RAIL: The materiality of the clay is very evident, every piece bears the imprints you leave as you’re making it—you press slabs into the cardboard box molds, even the bronze piece bears finger impressions. You see the human touch in each of the individual modular units that make up the whole. Your embodiment of utopian craft practices functions on a micro and macro level in the work.
CHERUBINI: Going back to the space as a starting point, the clay pieces on the wall have that gray swirly surface. The glaze I chose deliberately talks to the wall, in the same way the green moves around the room. I wanted the walls to be part of the piece within the space. Placing the unglazed clay pieces on the raw concrete wall creates a physical connection, a material resonance, but the way the light is absorbed by the different materials creates a contrast. I think so often about the way in which unglazed clay absorbs light and glazed clay reflects it, and what that actually says—how the same material can actually have that conversation, one taking in light and one giving it back.
RAIL: I’m thinking about the feminist adage that “the personal is the political,” and I feel like you have figured out hot to incorporate a feminist ethic into your work in an embodied kind of way—
CHERUBINI: Thank you. That’s the nicest thing anyone has ever said to me. [Laughs.]
RAIL: [Laughs.] So, what is feminism to you? How do you think about it in the studio or in terms of art?
CHERUBINI: I think feminist voices need to be heard in a way that is true and honest within a history that has already been written. The hexagons are my first movement into trying to develop a physical stance for that, because the hexagon is not a closed form, it’s additive. You see one and your mind imagines more and more. I think about trying to pull alternative histories into the conversation, and not just the history of the 1970’s feminist art movement. Artists like Hannah Wilke are beyond important, but I want to look further back. Since I’ve had children, I realize that I can actively shape an existence in this world, which is so important as the world is shying away from a sense of equality between genders. I have realized the responsibility I have now—that our actions today create the conversation for the years to come.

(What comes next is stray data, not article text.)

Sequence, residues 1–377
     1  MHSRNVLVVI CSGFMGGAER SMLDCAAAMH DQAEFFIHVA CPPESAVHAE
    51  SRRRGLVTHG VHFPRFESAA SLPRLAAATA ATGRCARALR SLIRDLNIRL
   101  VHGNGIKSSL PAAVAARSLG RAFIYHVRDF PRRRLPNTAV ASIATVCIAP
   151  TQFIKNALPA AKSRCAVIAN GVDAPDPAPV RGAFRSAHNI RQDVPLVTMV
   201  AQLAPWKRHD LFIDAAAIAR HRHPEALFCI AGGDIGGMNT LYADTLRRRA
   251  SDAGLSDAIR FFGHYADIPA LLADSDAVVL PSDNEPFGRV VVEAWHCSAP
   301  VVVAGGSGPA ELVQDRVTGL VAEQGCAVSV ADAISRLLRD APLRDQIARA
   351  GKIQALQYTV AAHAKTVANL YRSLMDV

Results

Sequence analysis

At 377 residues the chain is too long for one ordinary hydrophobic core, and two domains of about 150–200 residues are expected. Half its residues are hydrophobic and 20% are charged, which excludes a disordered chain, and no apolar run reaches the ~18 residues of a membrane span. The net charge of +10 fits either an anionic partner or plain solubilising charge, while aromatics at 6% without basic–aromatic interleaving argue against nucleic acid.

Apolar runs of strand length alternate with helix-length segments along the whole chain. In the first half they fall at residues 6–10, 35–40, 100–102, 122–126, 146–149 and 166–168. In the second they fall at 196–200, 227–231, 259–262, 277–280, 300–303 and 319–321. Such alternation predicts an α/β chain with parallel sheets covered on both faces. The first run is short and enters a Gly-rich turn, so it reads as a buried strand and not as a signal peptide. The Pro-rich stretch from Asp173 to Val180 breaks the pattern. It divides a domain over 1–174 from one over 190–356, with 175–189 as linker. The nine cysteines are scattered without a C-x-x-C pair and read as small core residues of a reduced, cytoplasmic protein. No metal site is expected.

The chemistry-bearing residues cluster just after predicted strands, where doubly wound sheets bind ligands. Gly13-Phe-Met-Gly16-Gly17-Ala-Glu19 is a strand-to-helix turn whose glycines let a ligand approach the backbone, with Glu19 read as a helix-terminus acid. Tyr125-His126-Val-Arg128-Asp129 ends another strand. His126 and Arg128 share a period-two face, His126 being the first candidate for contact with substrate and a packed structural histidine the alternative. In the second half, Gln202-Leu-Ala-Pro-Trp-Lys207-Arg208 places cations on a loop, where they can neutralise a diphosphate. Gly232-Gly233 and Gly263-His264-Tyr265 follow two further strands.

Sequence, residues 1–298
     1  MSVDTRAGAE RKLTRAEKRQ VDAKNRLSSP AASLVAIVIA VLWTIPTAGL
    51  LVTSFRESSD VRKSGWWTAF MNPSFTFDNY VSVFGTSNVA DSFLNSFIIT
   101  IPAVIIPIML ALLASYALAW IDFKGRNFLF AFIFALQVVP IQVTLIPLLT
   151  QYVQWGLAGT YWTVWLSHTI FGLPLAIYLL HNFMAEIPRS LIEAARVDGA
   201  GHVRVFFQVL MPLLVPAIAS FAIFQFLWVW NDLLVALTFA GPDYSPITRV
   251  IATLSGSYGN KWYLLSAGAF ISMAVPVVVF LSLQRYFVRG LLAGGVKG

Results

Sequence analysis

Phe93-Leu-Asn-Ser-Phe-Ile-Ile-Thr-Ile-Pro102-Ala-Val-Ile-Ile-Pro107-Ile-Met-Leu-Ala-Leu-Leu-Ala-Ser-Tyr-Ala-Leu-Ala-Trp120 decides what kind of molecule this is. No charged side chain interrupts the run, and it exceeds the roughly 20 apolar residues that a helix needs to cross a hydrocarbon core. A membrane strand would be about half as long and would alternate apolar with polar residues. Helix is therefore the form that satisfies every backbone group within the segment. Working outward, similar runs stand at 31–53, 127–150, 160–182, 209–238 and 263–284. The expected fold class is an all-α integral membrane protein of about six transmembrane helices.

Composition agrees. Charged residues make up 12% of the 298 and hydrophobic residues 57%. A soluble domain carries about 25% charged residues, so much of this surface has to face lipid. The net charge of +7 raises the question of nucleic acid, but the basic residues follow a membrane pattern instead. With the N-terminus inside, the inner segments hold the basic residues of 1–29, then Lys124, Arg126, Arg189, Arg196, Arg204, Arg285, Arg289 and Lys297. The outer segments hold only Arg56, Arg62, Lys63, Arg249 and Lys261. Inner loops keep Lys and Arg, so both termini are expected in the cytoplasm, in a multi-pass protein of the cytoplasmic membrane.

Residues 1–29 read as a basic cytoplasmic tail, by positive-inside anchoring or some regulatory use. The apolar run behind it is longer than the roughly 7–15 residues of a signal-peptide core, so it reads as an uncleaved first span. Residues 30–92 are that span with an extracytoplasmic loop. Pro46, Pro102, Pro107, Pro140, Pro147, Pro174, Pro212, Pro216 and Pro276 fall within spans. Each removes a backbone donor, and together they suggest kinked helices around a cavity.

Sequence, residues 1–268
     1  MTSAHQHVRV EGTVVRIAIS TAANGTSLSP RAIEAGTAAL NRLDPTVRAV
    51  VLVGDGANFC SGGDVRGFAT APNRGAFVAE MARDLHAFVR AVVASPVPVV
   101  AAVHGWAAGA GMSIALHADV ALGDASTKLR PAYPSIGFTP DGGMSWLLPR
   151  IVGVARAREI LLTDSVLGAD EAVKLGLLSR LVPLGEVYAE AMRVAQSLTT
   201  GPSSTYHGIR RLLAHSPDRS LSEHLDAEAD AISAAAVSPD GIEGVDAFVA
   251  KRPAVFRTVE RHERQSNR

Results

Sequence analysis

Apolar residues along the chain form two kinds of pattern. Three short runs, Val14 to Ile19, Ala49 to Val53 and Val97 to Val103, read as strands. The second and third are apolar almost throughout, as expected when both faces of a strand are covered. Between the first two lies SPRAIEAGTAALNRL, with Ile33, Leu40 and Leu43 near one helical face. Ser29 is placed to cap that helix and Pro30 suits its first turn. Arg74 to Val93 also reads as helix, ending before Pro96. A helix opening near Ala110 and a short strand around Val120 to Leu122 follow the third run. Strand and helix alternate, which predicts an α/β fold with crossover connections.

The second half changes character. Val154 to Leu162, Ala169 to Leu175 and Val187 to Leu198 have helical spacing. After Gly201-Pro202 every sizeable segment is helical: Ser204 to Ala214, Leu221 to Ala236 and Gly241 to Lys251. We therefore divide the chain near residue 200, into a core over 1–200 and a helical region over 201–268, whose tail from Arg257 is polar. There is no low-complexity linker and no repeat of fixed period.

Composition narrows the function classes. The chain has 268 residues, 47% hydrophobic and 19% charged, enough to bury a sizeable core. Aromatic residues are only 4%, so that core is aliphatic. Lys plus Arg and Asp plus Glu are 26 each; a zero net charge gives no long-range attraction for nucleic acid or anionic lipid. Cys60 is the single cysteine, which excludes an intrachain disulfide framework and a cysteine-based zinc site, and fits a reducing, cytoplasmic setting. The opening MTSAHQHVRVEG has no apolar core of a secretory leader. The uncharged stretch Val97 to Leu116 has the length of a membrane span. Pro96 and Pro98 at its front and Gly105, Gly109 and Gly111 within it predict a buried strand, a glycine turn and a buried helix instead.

RAIL: I like that you brought up Hannah Wilke and I especially see an affinity with the kneaded eraser and chewing gum pieces. What other artists do you feel a special affinity with?
CHERUBINI: There are sculptors working in clay who have definitely been influential to me, like Beverly Semmes and Rebecca Warren, a group of artists who are well known as ceramics people. They have given me the strength to keep going with it. I recently saw a show of Charles Long’s brass pieces, and I’ve loved his works for years. I look a lot at painting- Rebecca Morris is one of my favorites. I sometimes wish I could exist in one of them. And I like a lot of like really old pottery, like Greek pottery, and the American potter George Ohr. I’m kind of all over the place.
RAIL: My last question is about ceramics in academia right now. A lot of professors who taught our generation of artists are retiring, and I’ve been seeing ads for academic positions in ceramics. Ceramics programs are kind often interesting within university art departments because in order for them to function they have to have a lot technology and equipment and it has to be well-maintained and functional—unlike film or photo departments, for example, which sometimes shift to digital and shed their darkrooms. When someone retires and these positions are advertised, universities are looking for artists who can bridge the gap between technical knowledge and a more conceptual position of the medium in contemporary art. This can override the fine craft aspect of ceramics. What do you think about that kind of transition in terms of the future of the medium?
CHERUBINI: What I really appreciate about ceramics departments is that they are actually multidisciplinary, incorporating fine art sculpture, as well as function and craft, and then it also has a design element to it that is very present. In some ways, I kind of think it’s like the most community-based and maybe contemporary department that can exist. It’s wonderful to bring new people in, which creates a new perspective on the material that doesn’t have to be embodied in the history. But there is also something powerful about that restraint of being beholden to history. I’m actually very conflicted on the whole subject. My husband is a potter, and I have a very close relationship to the material and to the fact that there are so few schools where one can learn to be a really good potter. It would be a shame if that all disappeared.